The Led Whobirds is a tongue-in-cheek nickname given retrospectively to five participants of a hurriedly arranged record date at IBC’s London studio on May 17, 1966, consisting of Beck and Page, drummer Keith Moon, session bassist John Paul Jones, and session pianist Nicky Hopkins. “Beck’s Bolero” was the only track issued from the illustrious two-hour session, though other music was recorded. It provided an early template for what would become heavy metal – the band that could have been Zep (Page’s words). From a different perspective, what was laid down that day by members of (future) Zeppelin, the Who, and Yardbirds planted the seeds for a new genre. Beck biographer Annette Carson succinctly put into words what many feel in their gut. If Beck’s ambitions of ’66 had come to fruition, he would’ve preceded Cream and Jimi Hendrix, and precluded Led Zeppelin.
Rock got heavier and more experimental in the wake of “Beck’s Bolero” and Truth; Beck noted the trend in the liner notes of the follow-up, Beck-Ola. Blues-rock rapidly evolved into heavy metal, and metal was a term used regularly by ’70. Zep reigned supreme at decade’s end, bolstered by “Whole Lotta Love” and Led Zeppelin II. Meanwhile, beset by artistic and personal differences, JBG released the considerably heavier Beck-Ola and parted company in August ’69, just a few weeks before the Woodstock festival. The turbulent history of heavy metal has been punctuated by tangents and transitions, few as significant as the trend started by the first Jeff Beck Group – if you can believe Ted Nugent, Joe Walsh, Tom Scholz, Gary Moore, George Lynch, Jamie West-Oram, Steve Morse, John Frusciante, Slash, or Joe Bonamassa.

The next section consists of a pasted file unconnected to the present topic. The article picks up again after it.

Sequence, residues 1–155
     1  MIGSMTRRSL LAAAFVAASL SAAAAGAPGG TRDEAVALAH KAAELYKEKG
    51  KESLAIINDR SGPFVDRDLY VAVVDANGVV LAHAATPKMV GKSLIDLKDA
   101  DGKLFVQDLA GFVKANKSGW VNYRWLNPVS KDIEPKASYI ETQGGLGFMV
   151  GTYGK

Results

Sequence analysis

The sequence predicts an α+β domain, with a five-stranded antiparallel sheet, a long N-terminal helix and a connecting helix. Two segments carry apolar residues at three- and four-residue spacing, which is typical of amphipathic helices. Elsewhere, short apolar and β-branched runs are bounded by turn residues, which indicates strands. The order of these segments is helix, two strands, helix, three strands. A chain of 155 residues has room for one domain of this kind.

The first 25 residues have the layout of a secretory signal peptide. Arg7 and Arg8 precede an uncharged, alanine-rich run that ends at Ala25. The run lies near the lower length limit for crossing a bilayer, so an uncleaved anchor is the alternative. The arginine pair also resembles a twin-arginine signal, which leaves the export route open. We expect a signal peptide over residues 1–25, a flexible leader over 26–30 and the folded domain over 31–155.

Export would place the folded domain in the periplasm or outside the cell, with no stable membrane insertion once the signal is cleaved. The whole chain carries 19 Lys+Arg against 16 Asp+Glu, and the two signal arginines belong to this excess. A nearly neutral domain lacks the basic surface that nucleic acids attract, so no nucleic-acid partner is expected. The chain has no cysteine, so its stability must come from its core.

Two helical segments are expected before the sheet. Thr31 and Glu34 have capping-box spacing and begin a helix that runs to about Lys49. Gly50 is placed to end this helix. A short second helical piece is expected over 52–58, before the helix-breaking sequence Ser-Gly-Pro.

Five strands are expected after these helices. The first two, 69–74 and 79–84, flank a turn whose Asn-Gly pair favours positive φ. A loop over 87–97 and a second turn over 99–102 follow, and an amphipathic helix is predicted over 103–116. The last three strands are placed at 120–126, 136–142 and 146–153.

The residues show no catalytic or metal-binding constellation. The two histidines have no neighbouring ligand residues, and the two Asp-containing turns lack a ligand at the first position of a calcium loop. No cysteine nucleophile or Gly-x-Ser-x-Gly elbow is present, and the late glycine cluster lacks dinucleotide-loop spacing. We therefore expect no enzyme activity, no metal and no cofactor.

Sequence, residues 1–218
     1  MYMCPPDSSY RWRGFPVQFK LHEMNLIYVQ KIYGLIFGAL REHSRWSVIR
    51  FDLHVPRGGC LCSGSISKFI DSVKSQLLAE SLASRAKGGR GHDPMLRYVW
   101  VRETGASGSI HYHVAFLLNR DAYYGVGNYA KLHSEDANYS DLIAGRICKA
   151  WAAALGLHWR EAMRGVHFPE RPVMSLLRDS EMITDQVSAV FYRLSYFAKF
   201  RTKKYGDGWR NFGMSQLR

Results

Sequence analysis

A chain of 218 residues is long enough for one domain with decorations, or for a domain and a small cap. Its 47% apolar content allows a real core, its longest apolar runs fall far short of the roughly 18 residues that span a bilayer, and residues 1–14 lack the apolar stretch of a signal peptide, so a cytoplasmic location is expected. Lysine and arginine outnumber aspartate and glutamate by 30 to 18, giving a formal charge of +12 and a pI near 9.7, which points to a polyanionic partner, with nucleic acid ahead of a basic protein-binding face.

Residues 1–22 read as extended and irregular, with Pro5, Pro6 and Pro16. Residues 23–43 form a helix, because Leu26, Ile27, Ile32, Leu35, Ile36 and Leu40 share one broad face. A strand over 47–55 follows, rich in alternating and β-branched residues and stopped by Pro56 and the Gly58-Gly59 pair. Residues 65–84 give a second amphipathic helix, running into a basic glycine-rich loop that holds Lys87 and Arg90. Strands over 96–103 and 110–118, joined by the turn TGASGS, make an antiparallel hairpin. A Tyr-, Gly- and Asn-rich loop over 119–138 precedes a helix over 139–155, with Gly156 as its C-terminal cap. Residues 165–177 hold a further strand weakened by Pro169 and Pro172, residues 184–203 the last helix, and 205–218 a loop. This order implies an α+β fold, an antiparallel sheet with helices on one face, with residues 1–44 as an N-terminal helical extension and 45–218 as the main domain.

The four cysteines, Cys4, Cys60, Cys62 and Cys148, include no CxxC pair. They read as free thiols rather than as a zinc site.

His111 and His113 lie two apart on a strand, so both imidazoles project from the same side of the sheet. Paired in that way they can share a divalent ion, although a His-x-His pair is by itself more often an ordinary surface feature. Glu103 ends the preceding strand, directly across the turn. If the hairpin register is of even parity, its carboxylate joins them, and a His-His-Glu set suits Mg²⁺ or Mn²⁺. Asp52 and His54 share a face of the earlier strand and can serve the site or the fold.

The London blues-rock community affected Beck considerably. Eric Clapton’s thicker timbre with John Mayall’s Blues Breakers and Cream prompted him to acquire a Gibson Les Paul and strive for a heavier blues-rock sound. Another factor was Page, who, as a producer and studio maven, provided recording opportunities for Beck and Clapton on the Immediate label. Hendrix was also an important influence, and inspired Beck to exploit a Strat after Beck-Ola. A lesser, but still consequential, influence was the power-rock (frontman/singer plus trio) bombast of The Who. Though Beck admired the intensity of drummer Keith Moon and bassist John Entwistle’s facility, he never cited Pete Townshend as a guitar influence and expanded JBG into a quintet to include Hopkins. A key aspect of their approach was the near-telepathic interplay of Beck’s guitar and Stewart’s singing; epitomized by the intuitive trading of parts in “Rock My Plimsoul,” the tight duetting of “Let Me Love You” and the complementary arrangement of “Shapes of Things.” These factor s influenced Plant-Page excursions in early Zep.